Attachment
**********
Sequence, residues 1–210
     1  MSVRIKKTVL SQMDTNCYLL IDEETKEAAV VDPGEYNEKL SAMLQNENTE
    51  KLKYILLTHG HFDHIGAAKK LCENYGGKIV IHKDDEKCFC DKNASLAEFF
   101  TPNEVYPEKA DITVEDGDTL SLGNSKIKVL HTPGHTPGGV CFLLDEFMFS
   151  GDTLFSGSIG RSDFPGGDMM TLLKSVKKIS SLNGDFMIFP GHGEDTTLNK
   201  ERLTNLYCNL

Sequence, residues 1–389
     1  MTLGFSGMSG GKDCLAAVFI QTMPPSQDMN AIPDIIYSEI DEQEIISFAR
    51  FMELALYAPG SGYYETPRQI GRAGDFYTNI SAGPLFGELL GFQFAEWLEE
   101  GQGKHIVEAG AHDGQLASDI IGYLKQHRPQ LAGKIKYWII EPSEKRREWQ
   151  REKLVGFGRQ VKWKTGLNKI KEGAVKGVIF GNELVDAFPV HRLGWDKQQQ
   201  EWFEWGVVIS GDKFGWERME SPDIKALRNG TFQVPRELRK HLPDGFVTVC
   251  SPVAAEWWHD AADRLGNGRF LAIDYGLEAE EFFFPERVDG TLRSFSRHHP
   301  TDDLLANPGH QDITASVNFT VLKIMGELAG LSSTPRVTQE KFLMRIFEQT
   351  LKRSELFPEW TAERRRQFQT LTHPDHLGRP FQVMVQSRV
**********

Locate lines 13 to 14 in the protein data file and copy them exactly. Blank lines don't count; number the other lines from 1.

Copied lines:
   251  SPVAAEWWHD AADRLGNGRF LAIDYGLEAE EFFFPERVDG TLRSFSRHHP
   301  TDDLLANPGH QDITASVNFT VLKIMGELAG LSSTPRVTQE KFLMRIFEQT